Some of Olivia Gall’s earliest memories are of her father building their family home and wondering to herself ‘how does that work?’, but classmates thought she was “crazy” when she started talking about a career in mining engineering.
Engineering is a field still dominated by men, with just 13.5 percent of mining engineering graduates women, making Gall’s an unorthodox choice.
“It’s never really deterred me that there’s not many, it’s just excited me to know that I can be growing women in engineering,” says Gall, who this week received an offer for UNSW’s Bachelor of Mining Engineering program.
“I actually think it’s a bonus that there’s not many, I feel really special being able to have the opportunity to be part of the next generation.”
Boosting the number of women studying engineering is a key priority for UNSW Engineering, targeting 25 percent first-year female enrolments by 2020. At 22 percent in 2014, UNSW already rates well above the national average.
There was a record number of applications for the University’s annual Women in Engineering Camp for Year 11 and 12 students in 2015, with numbers tripling on previous years.
Most of Gall’s friends from Sydney’s all-girls St Vincent’s College excelled in the humanities and are studying arts – she is one of only two women in her graduating class to choose engineering. Classmates were “shocked” when she first started talking about mining.
Engineering is in Gall’s blood – her grandfather, father and brother are all in the field – but she had always dismissed mining as something that was “not for me”, until she attended a UNSW Open Day as a Year 10 student.
“When they started talking about it, I was hooked. It’s just so broad, there are so many different facets to the field and opportunities to travel. It’s got everything that I like in one degree: the maths and science, I’m a communicator, I’m a bit of a people person,” she says.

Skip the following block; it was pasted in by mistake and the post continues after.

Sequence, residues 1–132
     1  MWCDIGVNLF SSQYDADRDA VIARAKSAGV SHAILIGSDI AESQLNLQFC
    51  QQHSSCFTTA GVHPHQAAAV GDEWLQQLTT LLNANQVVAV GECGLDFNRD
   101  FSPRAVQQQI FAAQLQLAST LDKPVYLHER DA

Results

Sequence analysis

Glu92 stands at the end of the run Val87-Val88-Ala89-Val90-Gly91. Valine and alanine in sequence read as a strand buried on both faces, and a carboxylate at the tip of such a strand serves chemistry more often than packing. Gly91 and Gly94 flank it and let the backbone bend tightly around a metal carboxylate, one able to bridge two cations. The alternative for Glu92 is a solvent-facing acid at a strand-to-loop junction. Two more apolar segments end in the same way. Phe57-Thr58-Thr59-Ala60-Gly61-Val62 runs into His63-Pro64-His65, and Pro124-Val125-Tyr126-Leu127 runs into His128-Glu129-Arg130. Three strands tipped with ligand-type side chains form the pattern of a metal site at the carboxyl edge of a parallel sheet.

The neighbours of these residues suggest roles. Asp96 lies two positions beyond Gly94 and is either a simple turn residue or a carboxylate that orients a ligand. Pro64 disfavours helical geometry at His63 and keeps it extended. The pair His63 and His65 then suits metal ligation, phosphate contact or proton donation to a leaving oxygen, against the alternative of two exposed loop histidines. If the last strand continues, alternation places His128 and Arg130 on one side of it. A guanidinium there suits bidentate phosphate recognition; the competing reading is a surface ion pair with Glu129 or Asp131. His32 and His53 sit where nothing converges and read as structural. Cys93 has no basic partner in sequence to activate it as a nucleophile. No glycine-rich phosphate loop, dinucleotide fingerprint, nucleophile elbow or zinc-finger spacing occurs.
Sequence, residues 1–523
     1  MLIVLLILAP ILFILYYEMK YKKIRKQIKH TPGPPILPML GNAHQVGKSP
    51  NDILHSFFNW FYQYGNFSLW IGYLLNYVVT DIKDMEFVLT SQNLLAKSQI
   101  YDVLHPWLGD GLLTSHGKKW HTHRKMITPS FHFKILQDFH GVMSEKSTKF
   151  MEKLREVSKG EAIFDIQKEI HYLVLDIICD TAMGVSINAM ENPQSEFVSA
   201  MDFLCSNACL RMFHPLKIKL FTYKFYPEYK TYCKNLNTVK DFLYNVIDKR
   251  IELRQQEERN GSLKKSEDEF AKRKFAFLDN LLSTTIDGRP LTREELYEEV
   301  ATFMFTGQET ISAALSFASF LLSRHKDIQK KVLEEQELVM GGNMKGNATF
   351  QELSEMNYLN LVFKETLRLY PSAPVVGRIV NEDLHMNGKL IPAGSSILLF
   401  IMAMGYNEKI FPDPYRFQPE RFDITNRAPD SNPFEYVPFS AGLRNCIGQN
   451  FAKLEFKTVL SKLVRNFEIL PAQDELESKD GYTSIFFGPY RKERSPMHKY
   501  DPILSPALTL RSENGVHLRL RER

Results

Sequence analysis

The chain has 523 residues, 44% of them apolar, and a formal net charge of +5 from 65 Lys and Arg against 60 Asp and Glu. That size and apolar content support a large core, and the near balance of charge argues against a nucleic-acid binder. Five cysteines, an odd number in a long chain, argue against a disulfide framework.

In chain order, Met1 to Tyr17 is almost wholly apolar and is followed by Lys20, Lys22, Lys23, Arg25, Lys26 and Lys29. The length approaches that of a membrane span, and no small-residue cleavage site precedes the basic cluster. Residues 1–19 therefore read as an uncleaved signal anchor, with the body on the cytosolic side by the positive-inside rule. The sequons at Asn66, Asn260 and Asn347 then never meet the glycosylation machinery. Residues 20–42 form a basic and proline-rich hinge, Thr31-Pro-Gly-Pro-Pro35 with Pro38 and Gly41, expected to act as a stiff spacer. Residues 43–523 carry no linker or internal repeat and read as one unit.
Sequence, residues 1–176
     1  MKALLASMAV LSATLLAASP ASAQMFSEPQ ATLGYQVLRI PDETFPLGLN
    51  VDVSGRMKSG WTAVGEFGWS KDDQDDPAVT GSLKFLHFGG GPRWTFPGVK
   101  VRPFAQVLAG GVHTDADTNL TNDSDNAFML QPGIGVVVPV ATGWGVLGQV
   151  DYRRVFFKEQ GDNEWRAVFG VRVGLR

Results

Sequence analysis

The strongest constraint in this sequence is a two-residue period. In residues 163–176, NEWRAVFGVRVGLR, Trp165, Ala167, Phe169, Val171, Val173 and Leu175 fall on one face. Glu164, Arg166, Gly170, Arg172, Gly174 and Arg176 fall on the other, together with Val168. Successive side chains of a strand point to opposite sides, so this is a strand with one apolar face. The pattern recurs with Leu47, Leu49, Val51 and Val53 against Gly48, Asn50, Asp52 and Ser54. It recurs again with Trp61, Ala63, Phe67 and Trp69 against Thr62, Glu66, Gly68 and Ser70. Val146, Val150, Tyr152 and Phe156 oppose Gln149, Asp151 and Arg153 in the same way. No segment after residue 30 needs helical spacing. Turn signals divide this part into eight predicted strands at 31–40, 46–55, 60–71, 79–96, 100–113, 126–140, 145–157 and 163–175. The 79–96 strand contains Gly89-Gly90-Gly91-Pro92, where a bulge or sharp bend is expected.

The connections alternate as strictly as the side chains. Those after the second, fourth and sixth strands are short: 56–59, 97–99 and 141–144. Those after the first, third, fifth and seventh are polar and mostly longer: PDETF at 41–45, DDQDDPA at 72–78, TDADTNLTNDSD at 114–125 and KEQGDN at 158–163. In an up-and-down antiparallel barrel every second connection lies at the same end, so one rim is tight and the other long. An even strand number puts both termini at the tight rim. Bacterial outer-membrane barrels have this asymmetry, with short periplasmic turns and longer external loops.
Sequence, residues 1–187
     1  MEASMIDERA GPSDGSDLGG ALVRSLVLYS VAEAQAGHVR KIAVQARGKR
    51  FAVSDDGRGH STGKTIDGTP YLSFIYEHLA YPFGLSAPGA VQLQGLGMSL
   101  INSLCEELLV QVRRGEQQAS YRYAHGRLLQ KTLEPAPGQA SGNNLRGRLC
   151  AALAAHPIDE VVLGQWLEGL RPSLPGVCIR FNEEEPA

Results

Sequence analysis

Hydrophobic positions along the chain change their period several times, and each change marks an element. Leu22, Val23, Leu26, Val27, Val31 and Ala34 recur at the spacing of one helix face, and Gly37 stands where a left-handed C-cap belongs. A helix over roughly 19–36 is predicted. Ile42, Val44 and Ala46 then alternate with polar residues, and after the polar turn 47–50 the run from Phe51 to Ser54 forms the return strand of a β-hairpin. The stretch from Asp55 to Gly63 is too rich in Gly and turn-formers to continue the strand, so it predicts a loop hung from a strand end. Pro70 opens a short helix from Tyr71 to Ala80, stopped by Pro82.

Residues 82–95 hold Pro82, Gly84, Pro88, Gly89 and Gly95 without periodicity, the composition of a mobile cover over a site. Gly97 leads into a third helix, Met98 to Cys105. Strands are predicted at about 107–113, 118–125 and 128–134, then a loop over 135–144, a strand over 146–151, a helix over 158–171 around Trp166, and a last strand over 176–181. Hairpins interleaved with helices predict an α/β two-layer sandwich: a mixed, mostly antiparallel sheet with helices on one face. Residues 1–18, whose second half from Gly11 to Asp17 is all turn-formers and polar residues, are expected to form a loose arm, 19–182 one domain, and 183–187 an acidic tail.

Attending the 2013 UNSW Minerals Summer School, a four-day residential program for Year 10 and 11 students with an interest in the minerals industry, clinched her decision.
The annual camp offers high school students hands-on experience in the resources sector, with tours of underground and open-cut mines in the Hunter Valley and talks from experts and graduates.
“The summer school was instrumental, if I didn’t have the practical experience of being there and seeing if I fit in and felt comfortable I wouldn’t be here,” she says.
“I was just set on it from that moment, I’ve not really wavered from mining engineering since.”
George Moulos, a Year 11 student from Newington College, left this week’s 2015 summer school “inspired”.
“I was interested in mining engineering, I knew I wanted to do it, but I wasn’t completely sure,” he says.
“But now, after speaking to mining engineers, having the practical experience, I know 100 percent this is what I want to do. I was made for this, I’m very passionate about it.”
Despite a downturn in Australia’s resources sector, mining engineering graduates retain some of the best prospects of finding full-time employment.
According to the most recent Graduate Careers Australia data 96 percent of those looking found full-time work within four months of finishing their degree, with a median starting salary of $95,000.
Words: Amy Coopes
Media contact: Steve Offner, UNSW Media, 02 9385 1583